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Investors must be wary

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Listed property index fell by 28% late last year

The performance of the property sector in the past 18 months has been less than desirable, and investors are urged to tread carefully.

The FTSE/JSE SA listed property index fell by a whopping 28% late last year since peaking in April 2016, and investors should be careful, warns Kundayi Munzara, director and portfolio manager at Sesfikile Capital.

Listed property is likely to deliver a total return of between 11% and 13% in the medium term.

“The sector’s outlook is being impaired by weakening growth prospects coupled with a lack of confidence with respect to corporate governance concerns. Considering the earnings downgrades, some of the recent fallout may be justified, especially considering the headwinds the sector still faces in the year ahead.

“However, given our expected return for the sector, together with the correlation to equities and bonds, listed property should form part of a balanced portfolio.”

Munzara says the retail sector is struggling because of over-supply of regional malls and anaemic demand from tenants. While companies are recording trading density growth in the low single digits, most retailers have reduced expansion plans and negotiated lower rents and escalation rates to combat lower growth in sales.

“The impact of Edcon reducing its footprint has also been felt on the market, with the brand cutting its rental bill via a combination of rental reductions and cutting back space. This will come at a cost as landlords reconfigure and re-let the space in a weak demand environment.”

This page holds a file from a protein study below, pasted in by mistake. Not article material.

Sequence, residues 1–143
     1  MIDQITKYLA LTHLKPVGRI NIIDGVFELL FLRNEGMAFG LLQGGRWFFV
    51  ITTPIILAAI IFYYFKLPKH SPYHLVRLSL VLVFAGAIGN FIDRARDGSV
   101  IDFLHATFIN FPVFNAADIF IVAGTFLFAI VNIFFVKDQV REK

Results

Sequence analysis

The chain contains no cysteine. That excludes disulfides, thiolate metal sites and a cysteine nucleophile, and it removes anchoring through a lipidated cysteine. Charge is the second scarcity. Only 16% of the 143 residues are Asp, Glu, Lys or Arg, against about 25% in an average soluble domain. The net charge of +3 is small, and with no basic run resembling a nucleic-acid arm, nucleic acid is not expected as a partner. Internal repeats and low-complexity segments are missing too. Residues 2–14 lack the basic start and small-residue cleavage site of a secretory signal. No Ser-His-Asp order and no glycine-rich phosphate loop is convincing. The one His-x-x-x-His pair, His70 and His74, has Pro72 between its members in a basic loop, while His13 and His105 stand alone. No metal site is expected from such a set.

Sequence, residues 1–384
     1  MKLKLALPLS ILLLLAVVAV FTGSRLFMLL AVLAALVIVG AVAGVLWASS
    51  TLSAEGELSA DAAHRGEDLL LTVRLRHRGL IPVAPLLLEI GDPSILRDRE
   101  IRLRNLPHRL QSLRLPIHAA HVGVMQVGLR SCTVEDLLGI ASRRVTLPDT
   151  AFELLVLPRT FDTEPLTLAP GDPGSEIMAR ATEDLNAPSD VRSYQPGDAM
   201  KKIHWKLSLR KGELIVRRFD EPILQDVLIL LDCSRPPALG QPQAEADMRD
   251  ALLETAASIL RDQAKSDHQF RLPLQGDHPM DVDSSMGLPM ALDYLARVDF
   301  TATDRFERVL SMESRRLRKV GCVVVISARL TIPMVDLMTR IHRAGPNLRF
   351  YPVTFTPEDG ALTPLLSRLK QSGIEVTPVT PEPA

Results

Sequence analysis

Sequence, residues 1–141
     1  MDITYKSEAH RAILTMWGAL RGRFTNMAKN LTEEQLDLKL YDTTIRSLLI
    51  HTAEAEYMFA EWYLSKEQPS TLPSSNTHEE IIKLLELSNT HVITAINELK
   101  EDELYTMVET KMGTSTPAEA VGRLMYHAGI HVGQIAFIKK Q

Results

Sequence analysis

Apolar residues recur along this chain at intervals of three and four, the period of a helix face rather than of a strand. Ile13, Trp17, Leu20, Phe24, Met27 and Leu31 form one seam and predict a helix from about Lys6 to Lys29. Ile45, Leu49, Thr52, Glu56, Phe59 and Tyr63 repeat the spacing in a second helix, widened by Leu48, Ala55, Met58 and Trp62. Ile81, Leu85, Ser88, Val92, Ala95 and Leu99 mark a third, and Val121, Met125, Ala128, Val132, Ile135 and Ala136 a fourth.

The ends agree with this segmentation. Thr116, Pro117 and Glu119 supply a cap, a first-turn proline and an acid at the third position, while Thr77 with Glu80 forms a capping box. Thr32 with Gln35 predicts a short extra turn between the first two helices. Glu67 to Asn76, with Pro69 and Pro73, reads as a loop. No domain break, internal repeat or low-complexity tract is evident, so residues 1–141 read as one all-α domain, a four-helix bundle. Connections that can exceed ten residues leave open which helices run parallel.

The current state of listed property is not surprising considering how the country’s economic growth has declined due to structural deficiencies, says Mark Dunley-Owen, portfolio manager at Allan Gray.

“South Africa has had a property construction boom for much of the last two decades, notably in retail shopping centres and office nodes such as Sandton. But the weakened economic climate has impacted the demand for space. We expect this combination of rising supply and weak demand to result in lower rents to keep space occupied.”

Munzara is seeing value in companies in the listed property sector that have focused specialist strategies, defensive portfolios, high quality earnings and strong balance sheets.

“The preference for defensive portfolios and strong balance sheets emanates from the weak state of the economy, where rental growth and asset valuations are under pressure.”

Dunley-Owen says Allan Gray is seeing value in property companies priced below the company’s assessment of intrinsic value.

“We are seeing opportunity in companies that are run by management teams aligned with shareholders, use appropriate financial gearing, focus on cash flow rather than accounting earnings, and prioritise long-term value over short-term metrics.”

For investors contemplating investing in listed property, Munzara and Dunley-Owen say there are a few things to know about getting it right.

“A high initial yield may seem attractive, but inherent tenant risk and financial risks in the companies may be masked by this,” Munzara says.

“Back strong management teams that have a track record, as well as those that don’t underplay corporate governance.”

Investors should look out for cases where management teams are misaligned with long-term shareholders, Dunley-Owen warns.

“Investing in listed property to earn an income encourages management to make decisions that target short-term distribution expectations at the expense of long-term value, for example, refusing to sell low-quality assets because they are high yielding.

“Watch for cases where management pays out more than business generates,” he says.


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